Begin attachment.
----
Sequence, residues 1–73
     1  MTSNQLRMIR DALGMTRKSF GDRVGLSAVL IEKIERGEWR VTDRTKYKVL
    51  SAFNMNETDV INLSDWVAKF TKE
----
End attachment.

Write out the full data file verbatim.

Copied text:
Sequence, residues 1–73
     1  MTSNQLRMIR DALGMTRKSF GDRVGLSAVL IEKIERGEWR VTDRTKYKVL
    51  SAFNMNETDV INLSDWVAKF TKE